At least ten people were killed and 89 others were injured Tuesday after two commuter trains collided head-on in southern Germany along a curve where an automatic safety system apparently failed to stop them, the transport minister said.

The trains crashed on a single track shortly before 7 a.m. (1 a.m. EST) near the spa town of Bad Aibling, approximately 35 miles southeast of Munich. The crash site is located in a densely wooded and hilly region near the river Mangfall, making rescue operations more challenging.

It took hours to reach some of the injured in the wreckage and authorities were still working at midday to remove the final body from the train.

"Once that is done then the investigators can begin their work," federal police spokesman Rainer Scharf told The Associated Press from the scene.

A statement from the trains' operator Bayerische Oberlandbahn, said both trains had partially derailed and were wedged into each other. Neither the operator nor authorities were able to address possible causes of the collision.

German Transport Minister Alexander Dobrint said the two trains were on a curve and it appears that neither had time to brake before they hit head-on.

"We need to determine immediately whether it was a technical problem or a human mistake," he said.

Dobrint said the stretch was fitted with a safety system designed to automatically stop trains to prevent such a crash and it's not clear why it didn't function. Black boxes recovered from the trains should provide more answers once analyzed.

It was not clear how fast the trains were traveling at the time of the crash but German rail operator Deutsche Bahn told the dpa news agency they were permitted to travel of speeds up to 80 mph on that stretch of track.

The rail line is commonly used by commuters heading to work in Munich, and would normally also carry children traveling to school, but they are currently on holiday, the dpa news agency reported.

Authorities had initially reported 150 injured but federal police
spokesman Stefan Brandl later lowered that figure to 89, with ten of those injuries considered serious.

TV footage showed emergency helicopters and ambulances lined up in an area near the crash scene waiting to transport the most severely injured to hospitals. Water police were helping in the rescue efforts as well, dpa reported, taking injured from the trains across the river to waiting ambulances.

About 700 emergency personnel from Germany and neighboring Austria were involved in the rescue efforts and about a dozen helicopters were used.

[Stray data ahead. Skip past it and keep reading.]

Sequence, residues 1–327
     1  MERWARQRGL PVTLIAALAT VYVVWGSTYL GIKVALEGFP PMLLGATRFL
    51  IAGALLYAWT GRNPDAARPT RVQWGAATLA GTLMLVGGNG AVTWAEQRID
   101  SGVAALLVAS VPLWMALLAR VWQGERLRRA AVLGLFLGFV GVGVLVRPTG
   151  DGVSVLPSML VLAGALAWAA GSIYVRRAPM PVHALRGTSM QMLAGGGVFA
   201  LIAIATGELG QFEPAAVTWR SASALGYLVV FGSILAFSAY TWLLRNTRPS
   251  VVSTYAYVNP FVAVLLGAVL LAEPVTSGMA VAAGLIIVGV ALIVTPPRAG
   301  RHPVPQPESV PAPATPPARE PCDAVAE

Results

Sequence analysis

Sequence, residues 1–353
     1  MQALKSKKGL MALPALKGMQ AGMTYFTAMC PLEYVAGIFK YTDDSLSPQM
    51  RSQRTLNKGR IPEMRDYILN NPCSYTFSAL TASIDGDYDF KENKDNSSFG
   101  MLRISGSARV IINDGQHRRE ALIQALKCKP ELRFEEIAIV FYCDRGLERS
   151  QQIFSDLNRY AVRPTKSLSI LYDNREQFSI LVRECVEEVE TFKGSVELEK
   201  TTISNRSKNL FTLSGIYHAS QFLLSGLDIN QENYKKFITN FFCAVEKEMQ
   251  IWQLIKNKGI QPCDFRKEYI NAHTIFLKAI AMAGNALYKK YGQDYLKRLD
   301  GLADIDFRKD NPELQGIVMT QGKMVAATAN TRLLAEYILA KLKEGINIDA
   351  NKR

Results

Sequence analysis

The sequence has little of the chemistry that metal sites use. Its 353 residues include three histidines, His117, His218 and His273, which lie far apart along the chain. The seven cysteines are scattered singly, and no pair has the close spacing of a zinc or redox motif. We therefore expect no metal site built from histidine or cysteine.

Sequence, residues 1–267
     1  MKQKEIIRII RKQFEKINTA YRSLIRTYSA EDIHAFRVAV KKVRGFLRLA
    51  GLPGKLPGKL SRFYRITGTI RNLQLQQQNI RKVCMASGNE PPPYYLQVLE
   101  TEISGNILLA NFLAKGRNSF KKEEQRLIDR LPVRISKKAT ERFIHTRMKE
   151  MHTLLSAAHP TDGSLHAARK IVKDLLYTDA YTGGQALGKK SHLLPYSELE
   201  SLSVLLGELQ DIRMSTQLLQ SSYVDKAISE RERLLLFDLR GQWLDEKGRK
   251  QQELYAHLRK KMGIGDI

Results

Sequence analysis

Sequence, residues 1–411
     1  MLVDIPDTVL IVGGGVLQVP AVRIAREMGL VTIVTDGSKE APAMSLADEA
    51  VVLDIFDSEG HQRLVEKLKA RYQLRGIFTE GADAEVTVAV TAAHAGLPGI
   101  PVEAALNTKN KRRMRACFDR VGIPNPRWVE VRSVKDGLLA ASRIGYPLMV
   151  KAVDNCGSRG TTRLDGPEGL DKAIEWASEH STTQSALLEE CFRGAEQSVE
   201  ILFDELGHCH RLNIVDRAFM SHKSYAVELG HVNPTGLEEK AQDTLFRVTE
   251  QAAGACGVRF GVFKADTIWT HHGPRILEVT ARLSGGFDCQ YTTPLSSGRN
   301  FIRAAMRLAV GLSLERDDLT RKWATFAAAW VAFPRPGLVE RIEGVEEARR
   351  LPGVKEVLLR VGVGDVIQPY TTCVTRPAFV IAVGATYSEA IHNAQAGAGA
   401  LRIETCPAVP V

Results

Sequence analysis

"This is the biggest accident we have had in years in this region and we have many emergency doctors, ambulances and helicopters on the scene," Sonntag said.

Dpa quoted Bernd Rosenbusch, the head of the Bayerische Oberlandbahn, as saying, "this is a huge shock -- we are doing everything to help the passengers, relatives and employees."

Both the trains' operator and federal police in Bavaria have activated phone hotlines for family and relatives.

Federal Transport Minister Alexander Dobrindt, speaking from the crash scene, said his thoughts were with the family members of the dead and the injured.

"We need to find out know what happened, if the cause of the crash was based on the technology or human failure," he said.

In Munich, the city blood center put out an urgent call for donors in the wake of the crash.

The Munich Blood Donation Service, which delivers blood products to local hospitals, said on its website that there was "an acute increased need for life-saving blood products" after the accident and called for immediate donations.

Germany is known for the quality of its train service but the country has seen several other accidents, typically at road crossings.

Most recently, a train driver and one passenger were killed when a train hit the trailer of a tractor in western Germany in May, injuring another 20.

In 2011, 10 people were killed and 23 injured in a head-on collision of a passenger train and a cargo train on a single-line track close to Saxony-Anhalt's state capital Magdeburg in eastern Germany.

Germany's worst train accident happened in 1998, when a high-speed ICE train crashed in the northern German town of Eschede, killing 101 people and injuring more than 80.

The Associated Press contributed to this report.